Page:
ajc.com


 ajc.com
Business
  Main page
  CNN
  Coke
  Delta
  Ga. 100 Stocks
  Horizon
  Markets
  Skyline Report
  Wage Finder
Nation / World
Metro
Sports
Living
Opinion
Travel
Health
Your Money
Buyer's Edge
Jobs
Autos
Homes
Classifieds
 AccessAtlanta
Entertainment
Events
Pop Music
Movies
Theater & Arts
Restaurants
Recreation
Personals
 ajc services
 Archives
 Today's paper
 Obituaries
 
 Tickets
 
 Teacher aids
 Customer service
 Sitemap
 E-mail News
 Sign up for our
 FREE newsletters:
 • News
 • Sports
 • Business
 • Travel Deals
 ajc guides
 Schools
 Nursing Homes
 Visitors
 ajc stores
 Gifts & Guides
 Pages
 Photos
 Posters & Books
 Reprints

EMAIL THIS PRINT THIS MOST POPULAR SUBSCRIBE TO AJC
ajc.com | Business | Southern's new fuel is uniquely 'green' [ The Atlanta Journal-Constitution: 5/30/03 ]

Southern's new fuel is uniquely 'green'

By MATT KEMPNER
The Atlanta Journal-Constitution

What are they smoking at Southern Co.? Grass.

The Atlanta-based parent of Georgia Power is mixing grass pellets with the coal it burns at Plant Mitchell in Albany. The green stuff -- coastal Bermuda, switchgrass and, on the horizon, fescue -- reduces emissions at power plants.

Southern could use the clippings. The company is Georgia's single biggest air polluter. Federal environmental regulators are suing over aging coal-burning plants. And shareholders recently tried to pass a resolution pushing Southern to clean up its act.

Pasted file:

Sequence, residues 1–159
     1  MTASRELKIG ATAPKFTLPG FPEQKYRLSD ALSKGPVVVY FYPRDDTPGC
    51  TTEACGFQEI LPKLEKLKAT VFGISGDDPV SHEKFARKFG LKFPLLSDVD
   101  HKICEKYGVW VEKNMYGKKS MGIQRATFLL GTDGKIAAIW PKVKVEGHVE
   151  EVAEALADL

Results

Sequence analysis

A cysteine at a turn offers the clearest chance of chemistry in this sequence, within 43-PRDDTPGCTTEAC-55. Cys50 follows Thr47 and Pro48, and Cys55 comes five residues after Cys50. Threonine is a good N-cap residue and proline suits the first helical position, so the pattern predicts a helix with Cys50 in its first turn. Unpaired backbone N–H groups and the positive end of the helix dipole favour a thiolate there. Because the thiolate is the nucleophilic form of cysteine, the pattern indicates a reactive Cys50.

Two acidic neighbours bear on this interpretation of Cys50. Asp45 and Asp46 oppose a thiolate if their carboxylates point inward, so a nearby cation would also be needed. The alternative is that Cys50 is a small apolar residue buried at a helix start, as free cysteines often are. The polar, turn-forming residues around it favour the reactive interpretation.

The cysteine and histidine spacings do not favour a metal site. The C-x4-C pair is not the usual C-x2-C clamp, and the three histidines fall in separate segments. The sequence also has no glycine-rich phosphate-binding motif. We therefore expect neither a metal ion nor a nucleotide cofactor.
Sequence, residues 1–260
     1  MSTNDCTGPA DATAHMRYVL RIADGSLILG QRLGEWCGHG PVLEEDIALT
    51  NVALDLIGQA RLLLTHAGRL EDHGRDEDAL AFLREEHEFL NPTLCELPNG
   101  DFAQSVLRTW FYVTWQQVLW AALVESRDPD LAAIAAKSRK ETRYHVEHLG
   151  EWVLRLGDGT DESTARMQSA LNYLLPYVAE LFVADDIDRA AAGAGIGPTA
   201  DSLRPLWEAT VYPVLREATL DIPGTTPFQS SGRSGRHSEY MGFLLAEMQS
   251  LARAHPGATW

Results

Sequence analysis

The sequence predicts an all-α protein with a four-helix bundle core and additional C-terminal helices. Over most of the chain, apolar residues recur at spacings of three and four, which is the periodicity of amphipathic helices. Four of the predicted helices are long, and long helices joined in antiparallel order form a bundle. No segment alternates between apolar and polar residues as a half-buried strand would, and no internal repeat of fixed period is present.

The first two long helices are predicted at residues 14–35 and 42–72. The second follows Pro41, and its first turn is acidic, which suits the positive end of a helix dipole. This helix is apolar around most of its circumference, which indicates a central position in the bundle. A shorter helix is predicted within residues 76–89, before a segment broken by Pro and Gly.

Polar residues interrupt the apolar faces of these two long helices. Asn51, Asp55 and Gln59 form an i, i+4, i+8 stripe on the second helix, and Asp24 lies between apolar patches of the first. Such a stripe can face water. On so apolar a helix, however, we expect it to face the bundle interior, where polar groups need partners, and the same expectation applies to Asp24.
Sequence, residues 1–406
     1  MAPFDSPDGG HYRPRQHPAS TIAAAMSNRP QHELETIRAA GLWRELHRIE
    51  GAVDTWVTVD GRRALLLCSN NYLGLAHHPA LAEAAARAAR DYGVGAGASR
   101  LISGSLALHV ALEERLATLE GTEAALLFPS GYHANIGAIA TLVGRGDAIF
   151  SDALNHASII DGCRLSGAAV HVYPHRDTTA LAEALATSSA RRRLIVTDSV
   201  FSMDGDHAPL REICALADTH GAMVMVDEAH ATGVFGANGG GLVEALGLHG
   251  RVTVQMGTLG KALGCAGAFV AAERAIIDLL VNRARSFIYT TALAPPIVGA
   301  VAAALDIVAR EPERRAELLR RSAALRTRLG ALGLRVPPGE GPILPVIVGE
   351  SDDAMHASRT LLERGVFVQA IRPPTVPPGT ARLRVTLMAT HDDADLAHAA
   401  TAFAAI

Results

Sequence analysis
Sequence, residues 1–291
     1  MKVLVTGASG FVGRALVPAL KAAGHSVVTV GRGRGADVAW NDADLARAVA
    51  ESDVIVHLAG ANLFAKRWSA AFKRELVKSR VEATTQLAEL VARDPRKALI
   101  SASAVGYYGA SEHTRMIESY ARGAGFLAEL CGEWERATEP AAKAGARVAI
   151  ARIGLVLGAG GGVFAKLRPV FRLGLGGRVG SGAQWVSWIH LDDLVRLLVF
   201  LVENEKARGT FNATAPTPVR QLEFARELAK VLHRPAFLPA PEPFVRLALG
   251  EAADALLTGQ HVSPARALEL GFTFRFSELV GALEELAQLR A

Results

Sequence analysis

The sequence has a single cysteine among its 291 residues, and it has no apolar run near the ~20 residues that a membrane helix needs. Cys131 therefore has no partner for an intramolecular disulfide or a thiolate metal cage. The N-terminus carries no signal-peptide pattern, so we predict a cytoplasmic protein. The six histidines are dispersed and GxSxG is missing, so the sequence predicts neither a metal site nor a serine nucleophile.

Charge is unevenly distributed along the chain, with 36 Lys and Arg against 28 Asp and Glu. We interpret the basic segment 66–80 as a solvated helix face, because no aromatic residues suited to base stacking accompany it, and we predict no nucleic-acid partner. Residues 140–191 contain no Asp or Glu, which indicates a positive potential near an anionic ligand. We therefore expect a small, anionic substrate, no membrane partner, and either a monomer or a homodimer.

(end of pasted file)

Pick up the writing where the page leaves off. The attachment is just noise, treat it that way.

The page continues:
The company has been testing switchgrass at an Alabama plant since 2001. In April it extended testing to Plant Mitchell in South Georgia, this time compressing the grass into little cubes to work through the system better.

"The goal is to find cost-effective means of using renewable energy," says Doug Boylan, a company research engineer.

Grass is more expensive than coal, though the company declines to estimate how much more it costs.

Don't bother volunteering loaded lawn mower bags. The company has lined up grass farmers in Georgia and Alabama.

Grass at the Alabama plant cut coal use up to 10 percent, with a similar reduction in sulfur dioxide and mercury emissions, Southern says. Now the company plans to charge a premium to Alabama customers who volunteer to use environmentally friendly grass-fueled energy.

But grass won't significantly replace coal, says Charles Goodman, Southern's senior vice president of research and environmental affairs.

"It is land-intensive. You have to grow a lot of grass in order to generate a megawatt," he said.

The company's grass consumption deserves praise, says Stephen Smith, executive director of the Southern Alliance for Clean Energy. But he considers it "a minuscule" effort for such a big company. "We think they can be providing significantly more leadership."

EMAIL THIS PRINT THIS MOST POPULAR SUBSCRIBE TO AJC





   Search ajc.com
   Enter keyword:
     
 Search our Stacks
 archive of staff stories
 back to 1985.
 



By using ajc.com you accept the terms of our Visitor Agreement. Please read it.
Questions about your privacy? See our updated Privacy Statement.
Interested in reprint permission? See our Permissions Policy.
© 2003 The Atlanta Journal-Constitution